I’ve been reading recently as to whether the older generation should even consider withdrawal due to the intensity of the possible symptoms they could be faced with. Of course there will still be those who have no trouble at all and stop the drugs fairly easily. For those amongst us who suffer a difficult and prolonged withdrawal from benzodiazepine drugs the question is going to arise as to whether it’s worth losing, perhaps years, from the shorter life we have left.
It’s also possible that the older generation may have been taking the drugs as sleeping tablets or anti anxiolytics for many, many years perhaps even starting as teenagers in the sixties when the drugs were considered a safe cure for just about everything and touted as mother’s little helpers. I was one of this generation being prescribed Temazepam for insomnia in the early seventies. This will inevitably make for a more difficult time trying to quit as the brain has suffered down regulation for so long. Nevertheless it is possible, as I’ve proved.
There are fors and againsts withdrawal in the latter stages of life. I can only relate what has happened to me and what I’ve found out on this journey to freedom. I was suffering on the sleeping tablets even at a very low dose. They did nothing to help me sleep and were making my insomnia worse than ever. I had numerous minor complaints such as a tiredness, poor cognitive function, poor memory, lethargy, night sweats, over reaction to events, periods of intense, inexplicable anxiety, panic attacks and a variety of physical symptoms such as back pain, urinary frequency with painful urination, rheumatism throughout my body and Irritable Bowel Syndrome. I had a cystoscopy and bowel and kidney investigation due to bleeding but nothing was found. I was diagnosed with numerous psychiatric disorders over the years but never truly believed any diagnosis as I was a happy, confident person and symptoms would descend out of the blue. I was a conundrum but believed it all to be the result of my hysterectomy and early menopause in my twenties. When it finally became too much and the anxiety reached unbearable proportions I was nearly 66 years old and retired with more time on my hands to enjoy life but no energy to do so. Constant trips to the doctor with changes of sleeping tablets caused a ramping up of symptoms leading me to suspect and research until the light finally dawned. I stopped ‘cold turkey’ but urge those of you reading this not to follow my example. The brain needs time to adapt slowly with a proper taper. I was impatient!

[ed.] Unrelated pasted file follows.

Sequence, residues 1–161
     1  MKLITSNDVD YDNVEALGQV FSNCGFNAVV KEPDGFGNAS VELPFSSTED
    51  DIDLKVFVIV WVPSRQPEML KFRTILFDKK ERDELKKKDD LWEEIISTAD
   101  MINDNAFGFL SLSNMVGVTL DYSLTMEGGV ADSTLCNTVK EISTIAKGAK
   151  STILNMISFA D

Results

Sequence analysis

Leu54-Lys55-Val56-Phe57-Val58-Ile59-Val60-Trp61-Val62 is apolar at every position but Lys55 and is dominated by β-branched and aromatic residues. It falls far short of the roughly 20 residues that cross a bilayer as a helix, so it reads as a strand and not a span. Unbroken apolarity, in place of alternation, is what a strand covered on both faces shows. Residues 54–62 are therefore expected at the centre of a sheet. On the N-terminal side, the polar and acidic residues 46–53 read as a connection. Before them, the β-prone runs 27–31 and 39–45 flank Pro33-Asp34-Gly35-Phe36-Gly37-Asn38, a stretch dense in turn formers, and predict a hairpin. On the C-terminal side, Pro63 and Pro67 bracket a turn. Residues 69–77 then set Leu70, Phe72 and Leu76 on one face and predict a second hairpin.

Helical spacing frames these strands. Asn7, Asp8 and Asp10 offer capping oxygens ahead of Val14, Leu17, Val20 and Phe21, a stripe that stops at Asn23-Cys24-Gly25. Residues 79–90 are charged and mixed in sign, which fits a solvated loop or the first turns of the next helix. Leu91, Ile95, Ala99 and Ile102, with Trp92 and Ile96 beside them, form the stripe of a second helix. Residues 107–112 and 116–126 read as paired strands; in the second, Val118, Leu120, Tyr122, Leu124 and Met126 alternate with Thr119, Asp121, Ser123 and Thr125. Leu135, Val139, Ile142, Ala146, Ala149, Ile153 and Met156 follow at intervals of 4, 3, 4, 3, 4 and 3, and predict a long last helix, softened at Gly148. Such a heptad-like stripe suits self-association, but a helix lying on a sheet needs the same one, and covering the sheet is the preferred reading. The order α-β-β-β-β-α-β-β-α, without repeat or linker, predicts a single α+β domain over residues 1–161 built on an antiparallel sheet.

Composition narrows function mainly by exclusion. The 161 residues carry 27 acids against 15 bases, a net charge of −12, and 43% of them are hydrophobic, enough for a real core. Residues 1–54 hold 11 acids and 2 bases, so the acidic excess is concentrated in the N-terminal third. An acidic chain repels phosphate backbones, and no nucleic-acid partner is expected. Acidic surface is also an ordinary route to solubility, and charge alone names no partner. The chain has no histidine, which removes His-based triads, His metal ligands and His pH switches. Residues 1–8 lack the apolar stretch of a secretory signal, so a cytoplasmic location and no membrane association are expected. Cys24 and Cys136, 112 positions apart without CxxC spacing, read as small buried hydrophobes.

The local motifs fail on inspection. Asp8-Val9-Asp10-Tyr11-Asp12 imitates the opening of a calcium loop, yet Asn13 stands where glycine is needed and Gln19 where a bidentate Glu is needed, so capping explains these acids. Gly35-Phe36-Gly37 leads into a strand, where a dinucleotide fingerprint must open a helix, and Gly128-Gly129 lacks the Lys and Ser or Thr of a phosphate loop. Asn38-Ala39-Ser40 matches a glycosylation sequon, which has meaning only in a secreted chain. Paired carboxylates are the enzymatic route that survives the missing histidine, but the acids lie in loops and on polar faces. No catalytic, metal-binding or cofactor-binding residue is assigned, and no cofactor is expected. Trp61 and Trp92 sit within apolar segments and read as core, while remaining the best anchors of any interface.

I’ve never regretted what I’ve done. I hope I’ve warded off dementia, and cognitive decline which are now proved to be caused by benzodiazepines. If you read the ‘articles’ page I’ve included on this website you can see that the awful results of taking these drugs have been well acknowledged for some time. However, in spite of press and news releases, little has changed over the last forty years to inform doctors and the public. It is so very sad and totally inexplicable. I can only say that life off the benzos is very different from the years of my dependency and I’m looking forward to a happy and peaceful old age without prescription drugs as far possible. The years I have lost are possibly a small price to pay for how I am feeling now. I still have time left to enjoy my growing grandchildren and for them to get to know me as a happy, loving grandma.
So, Should you withdraw if over 65? For me, it’s a resounding YES but it’s an individual decision that must be taken in consultation with your doctor and a consideration of any symptoms you are suffering either on the drugs or while tapering. Just do your research and find out as much as you can and what to expect then decide if this is the life changing decision you want to make.
This may be a useful link to help you and your doctor decide if withdrawal is right for you.....
comments powered by Disqus.